Potential Immunotherapy for Head and Neck Carcinomas

Survival doubled in patients being treated with nivolumab, but the disease eventually progressed in most patients.

Findings from a recent phase 3 trial suggest that the immunotherapy nivolumab can double survival and improve quality-of-life in patients with treatment-resistant head and neck carcinoma.

"These exciting results indicate that there is a new standard-of-care option for a population of head and neck cancer patients with no other treatment options," said the trial's international co-chair Robert Ferris, MD, PhD.

The CheckMate-141 clinical trial included 361 patients with recurrent or metastatic head and neck squamous cell carcinoma who did not respond to platinum-based chemotherapy, according to the study presented at the 2016 American Society of Clinical Oncology Annual Meeting.

Patients were randomized to receive nivolumab or standard chemotherapy until tumor progression. After 12 months, researchers found that 36% of patients administered nivolumab were alive compared with 17% of patients receiving standard chemotherapy.

The nivolumab treatment group had twice the number of patients whose tumors shrank and whose disease had not progressed after 6 months compared with patients receiving standard chemotherapy.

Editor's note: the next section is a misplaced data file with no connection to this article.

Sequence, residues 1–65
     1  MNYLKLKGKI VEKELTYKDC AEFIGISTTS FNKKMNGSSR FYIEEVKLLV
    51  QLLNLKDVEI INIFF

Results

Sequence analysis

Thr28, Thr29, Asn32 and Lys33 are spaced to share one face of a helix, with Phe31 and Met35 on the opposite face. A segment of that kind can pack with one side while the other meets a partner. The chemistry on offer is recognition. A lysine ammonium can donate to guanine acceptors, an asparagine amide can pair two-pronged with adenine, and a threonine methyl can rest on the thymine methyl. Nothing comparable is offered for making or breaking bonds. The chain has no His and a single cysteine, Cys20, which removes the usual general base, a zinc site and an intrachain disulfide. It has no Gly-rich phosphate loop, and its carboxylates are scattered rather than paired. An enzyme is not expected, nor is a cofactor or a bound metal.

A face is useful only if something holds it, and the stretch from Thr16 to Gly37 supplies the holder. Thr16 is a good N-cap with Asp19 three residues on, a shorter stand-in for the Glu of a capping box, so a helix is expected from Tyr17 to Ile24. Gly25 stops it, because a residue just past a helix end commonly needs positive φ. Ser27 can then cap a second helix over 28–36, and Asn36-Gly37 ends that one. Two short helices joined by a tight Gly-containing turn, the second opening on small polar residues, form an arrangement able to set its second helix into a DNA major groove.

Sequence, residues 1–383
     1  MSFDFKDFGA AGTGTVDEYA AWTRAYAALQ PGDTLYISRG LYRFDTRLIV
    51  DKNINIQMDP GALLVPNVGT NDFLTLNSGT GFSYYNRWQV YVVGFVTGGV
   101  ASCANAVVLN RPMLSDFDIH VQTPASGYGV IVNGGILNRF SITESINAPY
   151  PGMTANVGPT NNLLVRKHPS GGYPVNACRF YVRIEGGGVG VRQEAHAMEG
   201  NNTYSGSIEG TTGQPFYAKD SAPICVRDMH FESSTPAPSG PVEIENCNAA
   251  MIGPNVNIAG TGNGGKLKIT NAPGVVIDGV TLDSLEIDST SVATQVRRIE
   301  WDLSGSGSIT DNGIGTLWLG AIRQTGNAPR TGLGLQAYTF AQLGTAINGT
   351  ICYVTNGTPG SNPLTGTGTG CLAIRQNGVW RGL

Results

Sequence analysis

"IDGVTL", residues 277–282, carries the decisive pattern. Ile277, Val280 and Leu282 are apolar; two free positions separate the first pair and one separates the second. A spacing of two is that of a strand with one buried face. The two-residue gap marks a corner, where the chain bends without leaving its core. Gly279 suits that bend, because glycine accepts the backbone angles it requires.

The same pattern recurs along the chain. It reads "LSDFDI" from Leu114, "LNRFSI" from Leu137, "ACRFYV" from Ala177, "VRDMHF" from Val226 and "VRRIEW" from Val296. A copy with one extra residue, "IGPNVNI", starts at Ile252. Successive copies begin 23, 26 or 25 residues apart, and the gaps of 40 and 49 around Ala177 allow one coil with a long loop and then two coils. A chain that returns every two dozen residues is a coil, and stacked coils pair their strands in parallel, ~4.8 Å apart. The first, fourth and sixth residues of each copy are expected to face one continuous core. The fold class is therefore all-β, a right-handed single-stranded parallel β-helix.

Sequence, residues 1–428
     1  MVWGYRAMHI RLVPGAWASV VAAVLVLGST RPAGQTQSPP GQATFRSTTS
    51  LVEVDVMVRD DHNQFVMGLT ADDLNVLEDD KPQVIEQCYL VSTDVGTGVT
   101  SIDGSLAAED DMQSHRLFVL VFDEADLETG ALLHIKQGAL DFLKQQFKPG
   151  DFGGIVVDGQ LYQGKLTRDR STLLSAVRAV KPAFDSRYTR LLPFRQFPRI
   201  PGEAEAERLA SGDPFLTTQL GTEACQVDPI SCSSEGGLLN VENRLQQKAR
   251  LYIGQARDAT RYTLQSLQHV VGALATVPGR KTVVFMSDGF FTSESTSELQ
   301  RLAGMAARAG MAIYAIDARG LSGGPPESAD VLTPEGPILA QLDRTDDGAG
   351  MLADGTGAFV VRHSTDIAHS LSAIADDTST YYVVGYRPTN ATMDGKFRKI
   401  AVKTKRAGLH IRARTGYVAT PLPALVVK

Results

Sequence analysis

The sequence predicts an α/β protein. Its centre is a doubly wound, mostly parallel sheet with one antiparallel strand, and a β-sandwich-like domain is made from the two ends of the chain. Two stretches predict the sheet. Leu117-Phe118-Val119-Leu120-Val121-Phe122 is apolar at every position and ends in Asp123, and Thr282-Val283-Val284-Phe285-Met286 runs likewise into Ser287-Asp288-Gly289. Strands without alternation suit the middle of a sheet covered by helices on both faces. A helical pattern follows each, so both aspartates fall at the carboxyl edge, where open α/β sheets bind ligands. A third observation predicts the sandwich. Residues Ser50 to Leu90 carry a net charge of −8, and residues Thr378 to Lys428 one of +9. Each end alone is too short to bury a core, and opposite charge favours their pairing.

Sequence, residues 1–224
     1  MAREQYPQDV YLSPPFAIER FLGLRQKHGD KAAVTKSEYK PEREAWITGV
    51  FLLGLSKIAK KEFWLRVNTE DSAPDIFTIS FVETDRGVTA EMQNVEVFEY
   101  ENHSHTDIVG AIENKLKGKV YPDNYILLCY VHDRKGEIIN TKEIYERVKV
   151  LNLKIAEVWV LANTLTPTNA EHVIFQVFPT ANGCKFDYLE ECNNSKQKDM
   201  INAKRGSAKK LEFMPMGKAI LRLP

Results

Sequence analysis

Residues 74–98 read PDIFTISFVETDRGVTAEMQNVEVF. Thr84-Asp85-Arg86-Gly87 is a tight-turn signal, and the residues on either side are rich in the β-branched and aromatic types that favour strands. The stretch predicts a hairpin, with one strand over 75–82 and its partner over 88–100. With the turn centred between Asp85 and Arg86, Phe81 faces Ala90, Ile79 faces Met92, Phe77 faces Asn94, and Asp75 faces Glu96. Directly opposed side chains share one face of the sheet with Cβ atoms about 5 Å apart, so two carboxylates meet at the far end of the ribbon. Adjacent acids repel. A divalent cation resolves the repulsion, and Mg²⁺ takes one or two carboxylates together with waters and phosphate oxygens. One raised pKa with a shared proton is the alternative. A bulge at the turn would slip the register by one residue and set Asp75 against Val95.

Patients treated with nivolumab also reported one-third of the serious side effects that the chemotherapy group reported. Nivolumab patients also had a higher quality-of-life than patients in the standard treatment group.

Interestingly, patients whose tumors were positive for human papillomavirus (HPV) responded the most to treatment with nivolumab. Researchers are currently trying to identify biomarkers that will allow them to understand how drug resistance develops and how to create more effective treatments.

"Unfortunately, most patients in this trial still experienced a progression of their cancer, demonstrating that we still have a lot of work to do,” concluded Dr Ferris. “But, the future appears brighter than ever before because there is a new class of agents, immunotherapies, which we now know can prolong survival and improve quality of life, with few side effects, in head and neck cancer.”